11: Other
30
25
20
15
10
5
0
1
106
2009 to 2010
7
2
11
3
4
7
8
5
6
9
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10
7
8
11
9
8
10
0
11
10
25
Therapeutic Strength Based Care
• By January 2011
• Name changed to TSBC
• Staff position name changed from Support Workers /
Carers to Therapeutic Support workers, now a
professional role.
• New P&P specifically for TSBC
• Fortnightly structured staff meeting
• Rosters rewritten to ensure work life balance, single
staff passive night shift, House Supervisor to work on
the floor from 11am to 2pm each day when possible
• Engaged Clinical Psychologist to assist staff with
reflective practice and help develop strategies for
dealing with underlying trauma based behaviour and to
2012 Trauma Informed Residential
provide clinicalACWA
supervision
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Continue
• Commenced 6 weekly case conferences, by inviting
stakeholders, setting agenda, chairing meeting and completing
minutes
• Monthly training day with all staff, delivered by C P on topics
such as
• Brain development and trauma
• Implicit and explicit behaviour
• Pervasive shame
• Other training such as case noting
• Houses now operating from a therapeutic framework
• Program returning a surplus, which is fed back into the houses
• Practice influenced by research and looking at best practice by
people such as Dr Bruce Perry, The ChildTrauma Academy;
Martha Holden of Cornell University; Berry Street and Take Two
ACWA 2012 Trauma Informed Residential
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Ac.care Residential 24 / 7 Emergency
Accommodation
ACWA 2012 Trauma Informed Residential
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Incidents 2010 - 2011
1: Injury to Staff
2: Injury to Youth
3: Staff alleged assault by youth
4: Youth Alleged assault by youth
5: Restraint or Physically Controlled
6: Major Disturbance
7: Property Damage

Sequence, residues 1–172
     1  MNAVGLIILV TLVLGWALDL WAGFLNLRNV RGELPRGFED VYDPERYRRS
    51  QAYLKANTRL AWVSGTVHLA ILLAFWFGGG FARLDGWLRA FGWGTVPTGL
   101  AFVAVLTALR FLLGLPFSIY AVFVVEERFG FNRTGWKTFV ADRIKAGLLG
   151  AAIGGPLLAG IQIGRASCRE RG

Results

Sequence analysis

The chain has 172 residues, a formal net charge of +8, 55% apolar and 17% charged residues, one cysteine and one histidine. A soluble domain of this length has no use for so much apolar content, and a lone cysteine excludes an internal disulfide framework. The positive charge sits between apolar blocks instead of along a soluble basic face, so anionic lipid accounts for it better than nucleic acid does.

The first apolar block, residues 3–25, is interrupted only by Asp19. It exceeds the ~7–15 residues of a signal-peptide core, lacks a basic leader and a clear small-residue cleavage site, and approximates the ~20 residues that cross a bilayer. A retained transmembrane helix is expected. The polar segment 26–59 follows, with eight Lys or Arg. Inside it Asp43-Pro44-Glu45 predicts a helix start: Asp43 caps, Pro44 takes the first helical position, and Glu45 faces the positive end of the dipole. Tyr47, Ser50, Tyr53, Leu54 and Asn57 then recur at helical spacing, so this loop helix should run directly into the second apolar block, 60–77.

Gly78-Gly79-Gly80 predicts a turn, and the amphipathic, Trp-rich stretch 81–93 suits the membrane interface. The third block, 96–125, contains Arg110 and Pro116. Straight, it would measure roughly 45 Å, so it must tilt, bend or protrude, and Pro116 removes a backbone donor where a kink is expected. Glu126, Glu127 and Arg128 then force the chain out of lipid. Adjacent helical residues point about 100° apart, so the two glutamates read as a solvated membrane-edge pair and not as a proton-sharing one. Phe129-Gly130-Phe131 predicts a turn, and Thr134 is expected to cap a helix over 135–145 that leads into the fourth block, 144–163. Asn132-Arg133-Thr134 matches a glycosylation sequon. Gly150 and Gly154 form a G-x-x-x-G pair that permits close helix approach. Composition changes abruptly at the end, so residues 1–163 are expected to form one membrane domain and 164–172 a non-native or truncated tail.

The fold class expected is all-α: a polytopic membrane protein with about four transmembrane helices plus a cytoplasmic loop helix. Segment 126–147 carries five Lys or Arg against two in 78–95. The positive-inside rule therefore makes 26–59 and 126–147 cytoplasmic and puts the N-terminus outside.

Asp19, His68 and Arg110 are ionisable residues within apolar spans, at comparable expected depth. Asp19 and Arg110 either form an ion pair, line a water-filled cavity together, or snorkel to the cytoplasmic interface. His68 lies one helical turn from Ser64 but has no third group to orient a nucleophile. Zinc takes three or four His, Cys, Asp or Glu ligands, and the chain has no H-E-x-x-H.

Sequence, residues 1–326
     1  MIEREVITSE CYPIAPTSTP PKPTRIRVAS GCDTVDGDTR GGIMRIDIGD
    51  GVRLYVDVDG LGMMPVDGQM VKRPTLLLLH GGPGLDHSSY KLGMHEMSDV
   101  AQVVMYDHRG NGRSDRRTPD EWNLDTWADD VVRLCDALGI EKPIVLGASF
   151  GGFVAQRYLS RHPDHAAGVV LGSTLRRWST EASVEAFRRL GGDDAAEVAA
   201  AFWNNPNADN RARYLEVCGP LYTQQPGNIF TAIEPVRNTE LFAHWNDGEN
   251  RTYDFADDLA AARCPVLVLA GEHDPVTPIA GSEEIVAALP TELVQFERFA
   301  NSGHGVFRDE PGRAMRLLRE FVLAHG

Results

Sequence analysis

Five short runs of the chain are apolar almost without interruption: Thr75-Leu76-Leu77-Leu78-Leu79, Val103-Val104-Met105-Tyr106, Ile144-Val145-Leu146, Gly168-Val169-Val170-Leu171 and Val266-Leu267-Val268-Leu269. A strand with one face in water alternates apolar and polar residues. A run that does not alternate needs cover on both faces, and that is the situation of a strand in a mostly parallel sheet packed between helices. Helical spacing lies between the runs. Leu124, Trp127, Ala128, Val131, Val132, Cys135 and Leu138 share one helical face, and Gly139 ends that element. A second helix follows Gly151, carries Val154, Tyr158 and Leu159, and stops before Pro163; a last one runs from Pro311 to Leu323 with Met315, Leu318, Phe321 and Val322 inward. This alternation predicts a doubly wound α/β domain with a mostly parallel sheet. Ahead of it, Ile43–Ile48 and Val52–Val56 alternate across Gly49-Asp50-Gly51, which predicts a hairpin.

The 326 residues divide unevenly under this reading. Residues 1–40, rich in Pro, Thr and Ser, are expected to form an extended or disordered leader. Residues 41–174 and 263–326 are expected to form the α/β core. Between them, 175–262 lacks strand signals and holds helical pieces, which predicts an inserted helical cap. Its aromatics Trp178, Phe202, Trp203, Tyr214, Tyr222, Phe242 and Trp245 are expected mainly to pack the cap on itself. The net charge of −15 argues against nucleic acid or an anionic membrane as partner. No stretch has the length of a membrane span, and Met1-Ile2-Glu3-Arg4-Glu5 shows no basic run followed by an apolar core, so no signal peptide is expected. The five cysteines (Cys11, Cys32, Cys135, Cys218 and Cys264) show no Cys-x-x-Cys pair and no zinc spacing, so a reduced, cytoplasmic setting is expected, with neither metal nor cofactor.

8: Self Harm
9: Drugs and or Alcohol
10: Absconded
11: Other
30
25
20
15
10
5
0
1
106
41
2009 to 2010
2010 to 2011
7
3
2
11
1
3
4
7
1
8
2
5
6
9
0
10
7
ACWA 2012 Trauma Informed Residential
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7
8
11
2
9
8
0
10
0
2
11
10
3
25
20
TCI Implementation
•
•
•
•
September 2011
Staff trained in TCI by Dec 2011
Before TCI, something missing to tie it all together
TCI creates a framework in which all staff can operate
from to ensure consistence of care and responses.
• TCI is an intensive 4 day training program
• We also conduct a 4 hour review sessions every 6
months
ACWA 2012 Trauma Informed Residential
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1: Injury to Staff
2: Injury to Youth
3: Staff alleged assault by youth
4: Youth Alleged assault by youth
5: Restraint or Physically Controlled
6: Major Disturbance
7: Property Damage
8: Self Harm
9: Drugs and or Alcohol
10: Absconded
11: Other
30
25
20
15
10
5
0
1
106 Series 1 2009 to 2010
41 Series 2 2010 to 2011
46 Series 3 2011 to 2012
7
3
0
1
2
11
1
8
2
3
4
7
1
2
3
8
2
8
4
5
6
9
0
0
5
10
7
5
6
ACWA 2012 Trauma Informed Residential
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7
8
11
2
6
7
9
8
0
0
8
10
0
2
0
9
11
10
3
2
10
25
20
15
11
Summary
• Staff are operating in a professional therapeutic role
• Staff now have an understanding that underlying
trauma affects behaviour
• Staff now respond to the trauma in an informed way
which aims to increase positive outcomes for client
and staff
• Staff use reflective practice at staff meetings to
review interactions with clients
• Staff have formal supervision 6 weekly
• Staff are more engaged and empowered in their role
• A reduction in sick days and staff turnover
• Staff operating as a team with a team approach
• Houses now operate
as therapeutic homes
ACWA 2012 Trauma Informed Residential
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ACWA 2012 Trauma Informed Residential
Care TWI/ac.care
ACWA 2012 Trauma Informed Residential
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ACWA 2012 Trauma Informed Residential